May 13, 2020
The Internal Revenue Service has issued a series of questions and answers regarding the CARES Act coronavirus-related relief for retirement plans and Individual Retirement Accounts. That’s helpful as folks consider tapping these accounts in the economic downturn.
As of April 17, Fidelity Investments found that 164,950 individuals (nearly 1 out of 100) covered under 401(k) and 403(b) workplace retirement plans that it administers already had taken a CARES distribution. Of those, 3,256 had requested the maximum $100,000 distribution.
The CARES Act, the $2 trillion stimulus package passed in late March, opened the door to taking huge sums out of retirement accounts. That raises a lot of questions.
Who’s eligible? The IRS FAQ says that they’ve received and are reviewing comments requesting that the list of eligibility factors be expanded. For now, it’s clear that you automatically qualify if you, a spouse or dependent tested positive for COVID-19 or if you’ve been impacted more broadly. You also qualify if you’ve experienced “adverse financial consequences” on account of being quarantined, being furloughed or laid off or having work hours reduced, being unable to work due to lack of child care or the closing or reduction in hours of a business you own and operate. The FAQ stress that an individual is entitled to treat a distribution as a coronavirus-related distribution for income tax purposes “only if the individual actually meets the eligibility requirements.”
Under the new law, you can take up to $100,000 as a distribution in calendar year 2020, and the normal 10% early withdrawal penalty for folks under 59 1/2 is waived. The FAQ clarifies that the $100,000 is an aggregate limit for all plans (you can’t take $100,000 out of a 401(k) and another $10,000 out of an IRA). You’ll still owe income taxes on the money you take out, but you’re allowed three years to pay the taxes.
The FAQs include this example: “If you receive a $9,000 coronavirus-related distribution in 2020, you would report $3,000 in income on your federal income tax return for each of 2020, 2021, and 2022. However, you have the option of including the entire distribution in your income for the year of the distribution.” The year of distribution option might make more sense if your income for that year is lower than what you expect it to be in future years.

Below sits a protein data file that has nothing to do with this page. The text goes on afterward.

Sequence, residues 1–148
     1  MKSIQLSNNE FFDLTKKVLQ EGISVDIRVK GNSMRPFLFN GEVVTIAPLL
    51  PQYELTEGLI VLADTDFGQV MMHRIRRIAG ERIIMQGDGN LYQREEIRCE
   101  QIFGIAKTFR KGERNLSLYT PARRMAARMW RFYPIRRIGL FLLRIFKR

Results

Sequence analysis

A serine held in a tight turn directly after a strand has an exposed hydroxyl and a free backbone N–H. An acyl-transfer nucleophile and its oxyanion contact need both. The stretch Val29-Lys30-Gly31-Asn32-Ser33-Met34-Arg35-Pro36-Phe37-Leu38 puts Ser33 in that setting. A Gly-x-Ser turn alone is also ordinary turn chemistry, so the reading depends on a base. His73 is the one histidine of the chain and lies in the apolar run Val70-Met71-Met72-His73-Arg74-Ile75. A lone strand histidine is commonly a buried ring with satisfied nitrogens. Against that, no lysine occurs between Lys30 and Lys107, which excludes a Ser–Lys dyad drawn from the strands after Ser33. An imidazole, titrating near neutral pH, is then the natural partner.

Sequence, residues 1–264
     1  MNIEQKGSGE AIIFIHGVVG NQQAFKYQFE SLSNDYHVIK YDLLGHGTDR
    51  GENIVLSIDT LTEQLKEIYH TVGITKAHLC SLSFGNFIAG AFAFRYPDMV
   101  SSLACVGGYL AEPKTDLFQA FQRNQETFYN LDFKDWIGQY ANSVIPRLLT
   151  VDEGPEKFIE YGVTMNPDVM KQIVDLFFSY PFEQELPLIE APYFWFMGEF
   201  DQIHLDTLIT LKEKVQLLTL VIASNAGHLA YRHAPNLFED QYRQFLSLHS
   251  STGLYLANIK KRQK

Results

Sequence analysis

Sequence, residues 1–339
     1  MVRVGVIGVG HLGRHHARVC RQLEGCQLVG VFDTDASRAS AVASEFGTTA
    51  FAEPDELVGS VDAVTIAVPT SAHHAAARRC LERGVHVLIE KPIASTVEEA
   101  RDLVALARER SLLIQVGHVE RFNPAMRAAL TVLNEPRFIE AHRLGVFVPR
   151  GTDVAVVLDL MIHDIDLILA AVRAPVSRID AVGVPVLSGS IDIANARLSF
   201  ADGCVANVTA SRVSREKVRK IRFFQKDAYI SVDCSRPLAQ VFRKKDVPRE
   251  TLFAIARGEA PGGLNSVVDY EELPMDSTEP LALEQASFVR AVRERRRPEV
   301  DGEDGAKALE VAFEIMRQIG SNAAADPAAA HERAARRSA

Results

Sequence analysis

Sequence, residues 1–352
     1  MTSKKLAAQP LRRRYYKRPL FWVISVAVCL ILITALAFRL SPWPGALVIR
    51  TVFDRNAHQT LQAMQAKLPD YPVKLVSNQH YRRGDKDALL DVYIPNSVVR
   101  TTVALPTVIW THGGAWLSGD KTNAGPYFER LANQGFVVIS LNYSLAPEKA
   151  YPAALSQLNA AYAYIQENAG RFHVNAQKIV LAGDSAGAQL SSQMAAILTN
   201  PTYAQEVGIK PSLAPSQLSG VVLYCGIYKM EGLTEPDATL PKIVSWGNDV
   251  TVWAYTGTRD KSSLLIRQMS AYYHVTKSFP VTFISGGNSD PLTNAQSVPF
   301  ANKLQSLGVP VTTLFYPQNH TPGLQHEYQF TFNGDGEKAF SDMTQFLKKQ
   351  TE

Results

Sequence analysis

If your circumstances improve, the new law says that you can redeposit the money you took out back into your retirement account (or another eligible retirement account) as a rollover contribution within three years. The IRS FAQ give an example of how this would work: If you receive a distribution in 2020 and choose to include it in income over three years (2020, 2021, and 2022), and then repay the full amount to an eligible retirement plan in 2022, you may file amended federal income tax returns for 2020 and 2021 to claim a refund of the tax attributable to the amount of the distribution that you included in income for those years, and you will not be required to include any amount in income in 2022.
Check with your employer plan administrator before you assume you’ll be able to redeposit money to replenish your nest egg. The IRS FAQs note that some employer retirement plans don’t allow rollover contributions, and that “a plan is not required to change its terms or procedures to accept repayments.”
The new law also increases the amount you can borrow from your 401(k). Through September 22, 2020, you can borrow 100% of your account balance up to $100,000 (less any outstanding loans). That’s up from the normal $50,000 limit. In addition, for outstanding loans, the due date for payments due through December 31, 2020 can be delayed up to one year. But the IRS FAQ notes that any payments after the suspension period will be adjusted to reflect the delay and any interest accrued during the delay.
Should you take a loan or a distribution? Alison Borland, an executive vice president at benefits provider Alight warns on PlanSponsor that the CARES Act provision allowing larger loans is sub-optimal when compared to the more flexible distribution option. Loans carry a greater risk. To start with, payments are high, so you might not be able to afford them. For example, a five-year loan of $100,000 at typical rates results in a payment of about $1,800 per month. “This math just doesn’t work for most participants and could lead to a wave of defaults in 2021,” she predicts. Worse, a defaulted COVID-19-related loan would incur full income taxation plus the 10% early withdrawal penalty in the year of default. With a distribution, by contrast, you have the three years to pay the income tax, and the 10% penalty is waived altogether.
What if your employer doesn’t adopt the COVID-19-related retirement provisions? According to the IRS FAQs, you can still take a distribution and treat it as a COVID-19 distribution when you file your income tax returns (Question 9).
The IRS FAQ says that more formal guidance will be forthcoming. In the meantime, it includes a link to the 16-page 2005 retirement plan relief guidance issued post-Hurricane Katrina, as the IRS expects the formal CARES Act guidance will apply the same rules. Also, there will be a new IRS form, Form 8915E, to report repayments of coronavirus distributions.
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